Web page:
Can you believe it? It’s been two years now since we bought our rental property! In 2015, we had been maxing out our retirement accounts and looking for a new type of investment. Going by all the early retirement blogs I was reading, it seemed like the next step was adding rental property to our portfolio. The jerry-rigged returns you can conjure by buying a rental property with little cash down are pretty incredible. So I bought some books and read up on what to expect.
We bought a two-family house that hardly needed any work. We had more money than time, and were strictly interested in having a positive cash flow as soon as possible. We didn’t want to be stuck paying for renovations and waiting to rent it out.
Here’s a summary of what’s gone on for the past two years:
July 2015 – We buy the house for $134,000. It’s vacant and in good shape, so we get to work cleaning it up and doing some maintenance. The chimney needed re-lining, and we needed hookups for a washer and dryer on the second floor apartment. We had a lot of discussion about what prospective renters would be looking for in an apartment, and a washer and dryer seemed right at the top.
September 2015 – We find out first renters after listing the apartment on a Saturday, giving them a tour on Sunday, and getting the lease signed that week. This was extremely lucky. They move in in mid-October.
December 2015 – The first 1st floor apartment is still vacant after doing numerous showings and getting some unattractive applicants. We eventually get a couple and they move in in just after New Years, after we purchase a washer and dryer for that unit. (We had been leaving this one unit without a washer and dryer in order to attract those tenants that have their own. That didn’t work out, as you can see)
Winter, Spring, Summer 2016 – This was the golden time. “They were serene days and quite undemonstrative.” Rent was always paid on time, we hardly heard a peep from the tenants, and everyone was getting along. We didn’t have any major repairs, although the 30 year old washer in the 2nd unit broke, so we bought a new one.
October 2016 – Our first tenants let us know that they won’t be renewing and are moving to be closer to work. We become dizzy with greed and get anxious to fill the unit as soon as possible! We accept new tenants and they move in just after Thanksgiving. The less said about them, the better. Pretty soon, we realize…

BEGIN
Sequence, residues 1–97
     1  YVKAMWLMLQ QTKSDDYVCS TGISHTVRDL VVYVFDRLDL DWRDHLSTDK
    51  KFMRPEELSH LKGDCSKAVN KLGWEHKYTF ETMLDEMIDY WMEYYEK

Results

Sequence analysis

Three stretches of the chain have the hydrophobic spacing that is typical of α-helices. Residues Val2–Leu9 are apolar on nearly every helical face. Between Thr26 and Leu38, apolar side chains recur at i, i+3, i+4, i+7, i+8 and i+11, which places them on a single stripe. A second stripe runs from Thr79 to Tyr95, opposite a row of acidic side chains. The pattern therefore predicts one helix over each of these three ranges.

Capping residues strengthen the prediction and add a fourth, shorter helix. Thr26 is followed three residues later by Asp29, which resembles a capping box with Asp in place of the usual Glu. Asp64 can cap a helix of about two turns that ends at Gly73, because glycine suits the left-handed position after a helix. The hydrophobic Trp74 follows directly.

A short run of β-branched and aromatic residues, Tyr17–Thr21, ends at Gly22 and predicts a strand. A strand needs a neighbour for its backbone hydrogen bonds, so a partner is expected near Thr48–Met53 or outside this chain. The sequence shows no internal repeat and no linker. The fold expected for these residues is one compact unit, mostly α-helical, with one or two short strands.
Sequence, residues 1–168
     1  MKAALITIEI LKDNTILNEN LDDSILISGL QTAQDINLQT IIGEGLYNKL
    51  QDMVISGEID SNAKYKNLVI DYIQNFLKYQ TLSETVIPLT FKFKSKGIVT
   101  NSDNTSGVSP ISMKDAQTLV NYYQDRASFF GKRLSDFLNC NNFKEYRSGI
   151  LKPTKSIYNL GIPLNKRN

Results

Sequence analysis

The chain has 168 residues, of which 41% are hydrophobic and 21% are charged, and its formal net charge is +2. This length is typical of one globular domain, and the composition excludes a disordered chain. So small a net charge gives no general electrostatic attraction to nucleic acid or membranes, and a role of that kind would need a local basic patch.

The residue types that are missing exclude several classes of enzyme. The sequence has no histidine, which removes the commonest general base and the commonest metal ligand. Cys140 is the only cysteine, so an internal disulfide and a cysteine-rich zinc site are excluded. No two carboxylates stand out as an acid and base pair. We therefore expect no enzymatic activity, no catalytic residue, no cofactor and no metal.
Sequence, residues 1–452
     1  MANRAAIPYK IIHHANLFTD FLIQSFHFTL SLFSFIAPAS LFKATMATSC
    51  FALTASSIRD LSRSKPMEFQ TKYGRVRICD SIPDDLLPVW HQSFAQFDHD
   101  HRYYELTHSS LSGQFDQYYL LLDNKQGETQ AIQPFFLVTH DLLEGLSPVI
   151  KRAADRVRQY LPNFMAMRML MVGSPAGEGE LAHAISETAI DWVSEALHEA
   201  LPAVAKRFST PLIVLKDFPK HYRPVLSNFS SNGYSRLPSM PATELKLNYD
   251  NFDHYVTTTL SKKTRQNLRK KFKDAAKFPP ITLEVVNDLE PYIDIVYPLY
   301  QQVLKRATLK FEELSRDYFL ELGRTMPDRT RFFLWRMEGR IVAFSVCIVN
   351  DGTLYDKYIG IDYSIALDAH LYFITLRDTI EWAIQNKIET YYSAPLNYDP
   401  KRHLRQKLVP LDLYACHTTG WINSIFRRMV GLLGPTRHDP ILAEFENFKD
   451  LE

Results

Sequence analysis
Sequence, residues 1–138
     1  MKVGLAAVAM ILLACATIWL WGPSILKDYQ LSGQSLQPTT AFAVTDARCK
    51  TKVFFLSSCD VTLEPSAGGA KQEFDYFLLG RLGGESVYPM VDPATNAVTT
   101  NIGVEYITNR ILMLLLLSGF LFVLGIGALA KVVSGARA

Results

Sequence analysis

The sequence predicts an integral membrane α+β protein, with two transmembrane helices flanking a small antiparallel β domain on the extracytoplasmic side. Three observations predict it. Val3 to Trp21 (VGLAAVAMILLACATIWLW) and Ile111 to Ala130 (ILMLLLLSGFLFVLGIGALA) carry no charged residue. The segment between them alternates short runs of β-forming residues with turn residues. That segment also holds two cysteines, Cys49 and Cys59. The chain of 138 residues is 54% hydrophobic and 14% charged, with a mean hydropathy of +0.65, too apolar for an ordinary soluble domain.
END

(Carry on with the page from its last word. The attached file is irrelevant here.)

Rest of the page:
February 2017 – After a few nightmare months, we buy out our tenants’ lease by giving them a free month’s rent, and then vow to better vet potential tenants in the future, even if it means the unit stays vacant for longer. We soon get a referral from the 1st unit tenants. Their friends visit, love the place, say they are looking for a place to stay long-term, and sign a lease. We let out a huge sigh of relief.
June 2017 – We replace the ancient fridge and stove in the 2nd unit. (My parents laughed when they saw these appliances) One of the 1st unit tenants start mowing the lawn and raising a garden in the backyard. We let out another huge sigh of relief and for the moment, we’re back on easy street.
So far, it’s been some work, but with huge variations from month to month. This summer, we’ve only been to the apartment a few times for minor things (replace six window blinds, replace kitchen sink sprayer, re-paint backdoor stairs). Compare that to seemingly endless showings you have to do sometimes to get a renter. I wish I could estimate how much work it is on average per month. Five hours possibly? I have no idea.
Here’s our income statement for the past two years:
|Home Equity Loan Payments||($1,364)||($1,572)|
|Mortgage & Loan Principal||$5,845||$5,913|
|Profit Plus Principal||($3,141)||$5,667|
So after two years, we have finally turned profitable to the tune of… $2,526. Not huge, but everyone has to start somewhere, right? And if my 5 hours of work per month is correct, that is $21 per hour.
On the plus side, our profitability has seen a huge swing from Year 1 into Year 2. We basically ended our second year with $9,000 more in income than we made in the first year. The big swing is due to a few things:
- Spending $4,500 less on maintenance. We repaired the chimney, had electrical and plumbing work done, and replaced several appliances in the first year. Much less this year.
- Taking in $2,000 more in rent.
- Spending almost $3,000 less on insurance… although that’s due to a timing difference. Whoops! Looks like we paid part of Year 2’s insurance in Year 1.
What is our Return On Investment?
That may be a silly question after just turning profitable, but let’s do the math anyway.
Out of pocket, our down payment and closing costs were $12,456 in cash, so let’s call that our initial investment. $25,000 of our 20% down payment came from that home equity loan.
ROI = ($2,526 profit/$12,456 investment)/2 years = 10.1% annualized
OK, that’s actually not so bad. Ten percent is good for passive investment income, but income from a rental property isn’t truly passive income, no matter what the personal finance commentators might suggest. I’ve never had Coca-Cola ask me for a lawn mower or ask to have the heat turned up. They just pay me dividends! So maybe the better measure of rental property income is the hourly wage I attempted to calculate above.